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I kinda felt the creation of the caselist was interesting, and should probably be a test case for the idea. That being said, only four schools in Kansas felt the need to disclose their affirmatives on the caselist:

 

Buhler

Blue Valley North

Shawnee Mission East

Shawnee Heights

 

Trends of those schools disclosing - 1/4 of those schools represent the small franchise of schools that would supposedly not be helped by the system. Every school with active wiki information will have a team at DCI (assuming 2 bids gets you there - correct me if I'm wrong). 3 of the 4 schools were top 15 in DCI bids as schools. The top two DCI bid schools were those that disclosed.

 

Read from that what you will.

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i'm procrastinating from writing a political analysis paper right now and while i definitely am behind in the class i'm still acutely aware that attempting to equate correlation to causation is generally a piss poor persuasive tactic [on the grounds that it's piss poor reasoning].

 

you're identifying a trend that's no secret; the teams that tend to do college-y things like go to camp and get flooded with college-y debate not only practice a lot and get better by the extra competition/research/head start on the semester/etc/etc/blah/blah/blah, they also find things like case lists appealing for several reasons, like the part where it's like camp debates, or the part where it's the "cool" thing to do, or the part where they prefer having strategic knowledge of rounds as far in advance as possible. the fact that they joined the case list does not mean it made them better, and the prevailing argument against forcibly including teams that do not wish to be included is that they have no intentions of making the type of pre-tournament effort, whether it be by stylistic choice or by a dearth of resources to take care of other priorities, and as such should not be forced to be subjected to the adverse side effect of other teams having that advanced knowledge on them since they will not gain a reciprocal advantage.

 

so, no. don't read from that what you will. read from that what's there. it sure as hell isn't a definitive rationale for the type of changes some of these jackasses push for. i don't think you think it is ziggy, but i also don't trust other people to resist the temptation to quote your implied support for such a system as grounds for forcible expansion and the complete and utter reform of kansas debate in a vacuous discussion we've all seen dozens of times.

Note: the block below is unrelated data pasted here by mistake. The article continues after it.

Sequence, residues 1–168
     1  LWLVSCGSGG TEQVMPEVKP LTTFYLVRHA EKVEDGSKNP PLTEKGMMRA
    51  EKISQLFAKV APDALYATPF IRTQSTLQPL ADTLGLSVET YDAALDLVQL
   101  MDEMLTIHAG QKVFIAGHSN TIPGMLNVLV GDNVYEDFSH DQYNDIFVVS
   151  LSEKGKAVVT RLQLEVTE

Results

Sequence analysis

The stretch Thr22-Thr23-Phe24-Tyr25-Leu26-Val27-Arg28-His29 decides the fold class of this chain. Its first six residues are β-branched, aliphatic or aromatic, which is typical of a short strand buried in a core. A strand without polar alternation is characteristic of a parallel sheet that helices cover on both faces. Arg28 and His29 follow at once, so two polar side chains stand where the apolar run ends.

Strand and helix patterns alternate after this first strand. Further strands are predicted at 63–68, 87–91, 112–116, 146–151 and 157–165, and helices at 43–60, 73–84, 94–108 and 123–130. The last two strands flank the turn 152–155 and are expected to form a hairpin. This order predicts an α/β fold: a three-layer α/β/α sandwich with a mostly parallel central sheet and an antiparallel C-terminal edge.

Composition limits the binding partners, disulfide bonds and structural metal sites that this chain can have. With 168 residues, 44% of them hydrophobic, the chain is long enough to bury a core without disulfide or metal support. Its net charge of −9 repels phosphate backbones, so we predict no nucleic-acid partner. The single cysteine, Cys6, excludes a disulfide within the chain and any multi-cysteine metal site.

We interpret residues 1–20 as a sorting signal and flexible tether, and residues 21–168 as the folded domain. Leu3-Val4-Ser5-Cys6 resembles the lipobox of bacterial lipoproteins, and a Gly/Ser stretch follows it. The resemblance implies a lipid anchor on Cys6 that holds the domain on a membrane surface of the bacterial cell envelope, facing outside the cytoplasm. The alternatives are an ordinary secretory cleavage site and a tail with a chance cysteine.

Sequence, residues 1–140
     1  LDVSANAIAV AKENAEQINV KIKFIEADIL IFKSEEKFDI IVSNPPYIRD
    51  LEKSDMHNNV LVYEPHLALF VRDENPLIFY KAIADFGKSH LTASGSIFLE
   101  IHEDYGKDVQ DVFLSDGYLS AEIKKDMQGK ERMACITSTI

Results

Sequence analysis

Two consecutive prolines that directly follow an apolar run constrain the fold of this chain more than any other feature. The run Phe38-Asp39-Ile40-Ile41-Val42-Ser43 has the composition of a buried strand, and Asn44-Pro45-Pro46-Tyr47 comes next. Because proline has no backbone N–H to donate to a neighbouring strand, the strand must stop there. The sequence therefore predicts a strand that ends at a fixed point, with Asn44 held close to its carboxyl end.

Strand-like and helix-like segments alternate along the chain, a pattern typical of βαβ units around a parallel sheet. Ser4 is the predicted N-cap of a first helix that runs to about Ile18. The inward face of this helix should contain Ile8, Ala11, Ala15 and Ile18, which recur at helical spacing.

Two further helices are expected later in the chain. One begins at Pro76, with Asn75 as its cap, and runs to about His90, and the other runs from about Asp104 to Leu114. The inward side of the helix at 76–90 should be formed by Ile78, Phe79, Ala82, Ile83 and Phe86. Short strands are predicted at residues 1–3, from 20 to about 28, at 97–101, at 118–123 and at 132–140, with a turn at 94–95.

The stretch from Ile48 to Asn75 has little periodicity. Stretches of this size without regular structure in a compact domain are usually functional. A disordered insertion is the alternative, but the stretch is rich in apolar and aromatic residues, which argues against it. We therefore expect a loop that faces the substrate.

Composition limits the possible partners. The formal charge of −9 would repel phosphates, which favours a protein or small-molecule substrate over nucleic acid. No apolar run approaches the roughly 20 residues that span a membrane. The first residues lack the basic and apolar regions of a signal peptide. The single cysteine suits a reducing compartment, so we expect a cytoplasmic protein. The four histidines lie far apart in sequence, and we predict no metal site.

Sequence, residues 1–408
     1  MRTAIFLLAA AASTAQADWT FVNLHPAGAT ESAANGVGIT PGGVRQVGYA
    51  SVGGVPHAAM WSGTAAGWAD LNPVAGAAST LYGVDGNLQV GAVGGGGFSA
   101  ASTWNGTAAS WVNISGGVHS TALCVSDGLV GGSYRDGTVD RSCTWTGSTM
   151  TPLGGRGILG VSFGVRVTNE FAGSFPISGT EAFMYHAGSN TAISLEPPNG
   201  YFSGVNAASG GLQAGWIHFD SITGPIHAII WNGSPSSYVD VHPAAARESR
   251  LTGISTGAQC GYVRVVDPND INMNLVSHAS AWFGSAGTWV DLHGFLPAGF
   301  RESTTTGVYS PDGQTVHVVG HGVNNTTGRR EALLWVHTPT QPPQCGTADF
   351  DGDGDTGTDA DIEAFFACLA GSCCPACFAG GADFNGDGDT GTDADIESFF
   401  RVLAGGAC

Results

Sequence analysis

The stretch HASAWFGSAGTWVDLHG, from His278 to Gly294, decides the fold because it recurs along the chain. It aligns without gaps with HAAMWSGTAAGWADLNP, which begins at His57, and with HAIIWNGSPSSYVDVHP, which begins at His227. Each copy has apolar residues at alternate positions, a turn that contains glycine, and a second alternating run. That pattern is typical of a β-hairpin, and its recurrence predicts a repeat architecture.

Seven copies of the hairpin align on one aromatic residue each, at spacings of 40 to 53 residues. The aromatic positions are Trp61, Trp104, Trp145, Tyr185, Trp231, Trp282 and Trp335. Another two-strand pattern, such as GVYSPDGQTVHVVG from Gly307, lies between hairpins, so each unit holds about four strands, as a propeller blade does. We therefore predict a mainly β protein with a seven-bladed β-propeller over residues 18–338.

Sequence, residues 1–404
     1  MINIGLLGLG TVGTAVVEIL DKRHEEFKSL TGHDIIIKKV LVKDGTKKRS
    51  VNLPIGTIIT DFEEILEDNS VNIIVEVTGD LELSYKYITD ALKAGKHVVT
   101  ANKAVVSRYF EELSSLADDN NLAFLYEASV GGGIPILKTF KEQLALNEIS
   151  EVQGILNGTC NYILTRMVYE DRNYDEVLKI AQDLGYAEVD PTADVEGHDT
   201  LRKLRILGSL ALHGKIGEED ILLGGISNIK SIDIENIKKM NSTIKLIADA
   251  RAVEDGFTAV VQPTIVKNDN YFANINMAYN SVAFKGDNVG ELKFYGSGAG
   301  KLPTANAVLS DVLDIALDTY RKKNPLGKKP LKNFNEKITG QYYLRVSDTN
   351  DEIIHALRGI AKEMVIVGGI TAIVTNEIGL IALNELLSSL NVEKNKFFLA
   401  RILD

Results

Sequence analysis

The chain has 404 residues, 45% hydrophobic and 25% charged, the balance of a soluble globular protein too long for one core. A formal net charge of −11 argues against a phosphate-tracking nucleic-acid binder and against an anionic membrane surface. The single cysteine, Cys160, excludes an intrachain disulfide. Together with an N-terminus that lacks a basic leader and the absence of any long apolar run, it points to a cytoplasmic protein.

that having been said, i hope the teams that did make the strategic decision to use the caselist found it a worthwhile endeavor and i hope they reaped benefits from it. that having been said, anecdotal support for the system better not turn into a groundswell for a goddamn forcibly included caselist again. baby steps, kansas

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Chris, take your whining to the sports forum where overgeneralizations are entertaining. The fact that only 4 schools in Kansas disclose in KS and do well neither confirms or denies the benefit of a case list - I just found the trend interesting, given Kansas. Your discomfort with just talking about what those facts mean is pretty piss poor reasoning - instead of being in denial of something that could follow from it, offer what it implies instead.

 

I won't really do a line by line analysis of your post, but...

 

Buhler - collegy - really? Shawnee Heights - collegy - really?????

 

And forcible expansion - really Chris, really? I wasn't so interested in the Ron Paul of caselists to warn me of the dangers of investing all my liberties into disclosure - just a question of what the records of the teams implied since the disclosure norm is relatively new. Have judges of these teams disclosing seen any differing trends, etc. I just wanted to analyze.

 

I hope UVA is serving you well.

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i thought i made it clear that i didn't think you were guilty of the mindset i was indicting, and i also thought it was clear that i was attempting to discourage the discussion that i anticipated coming from your post, whether it was your intention or not. i'm also a little amused at the whining characterization, because if you think i'm running around screaming the sky is falling like a crazy texan for no reason on the forced inclusion on case lists then you just haven't paid attention to the trends that discussions here take.

 

but whatever, fuck it.

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The only people discussing this, even in this forum, are only college students and coaches.